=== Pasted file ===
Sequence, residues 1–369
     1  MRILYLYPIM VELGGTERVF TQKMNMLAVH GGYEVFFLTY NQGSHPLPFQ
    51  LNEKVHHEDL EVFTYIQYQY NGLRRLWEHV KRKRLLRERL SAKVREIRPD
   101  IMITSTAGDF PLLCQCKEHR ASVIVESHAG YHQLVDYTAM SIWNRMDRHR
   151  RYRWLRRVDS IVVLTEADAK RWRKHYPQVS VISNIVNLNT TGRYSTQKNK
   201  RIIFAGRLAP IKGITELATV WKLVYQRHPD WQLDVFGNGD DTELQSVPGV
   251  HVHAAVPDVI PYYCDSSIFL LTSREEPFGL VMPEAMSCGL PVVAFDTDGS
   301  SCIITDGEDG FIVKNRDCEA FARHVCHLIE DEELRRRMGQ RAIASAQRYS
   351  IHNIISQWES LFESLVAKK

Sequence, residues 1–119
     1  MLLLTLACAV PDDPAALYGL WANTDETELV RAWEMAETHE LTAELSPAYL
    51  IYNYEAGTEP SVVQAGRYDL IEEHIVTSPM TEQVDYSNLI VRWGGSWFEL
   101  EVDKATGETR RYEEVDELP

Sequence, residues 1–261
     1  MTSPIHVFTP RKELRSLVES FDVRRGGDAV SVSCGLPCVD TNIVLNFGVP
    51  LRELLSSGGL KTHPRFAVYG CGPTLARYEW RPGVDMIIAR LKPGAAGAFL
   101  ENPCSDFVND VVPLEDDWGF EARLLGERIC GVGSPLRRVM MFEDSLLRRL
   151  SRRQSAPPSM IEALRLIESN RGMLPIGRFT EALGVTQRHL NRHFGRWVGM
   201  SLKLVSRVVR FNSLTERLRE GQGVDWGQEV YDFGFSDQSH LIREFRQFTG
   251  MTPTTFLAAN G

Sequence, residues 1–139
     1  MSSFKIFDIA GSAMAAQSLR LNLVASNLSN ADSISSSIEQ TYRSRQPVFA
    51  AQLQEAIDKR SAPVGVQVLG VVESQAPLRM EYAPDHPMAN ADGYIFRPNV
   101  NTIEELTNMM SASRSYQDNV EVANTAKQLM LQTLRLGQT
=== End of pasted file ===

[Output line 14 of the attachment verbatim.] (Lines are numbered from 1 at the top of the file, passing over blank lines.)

Sequence, residues 1–261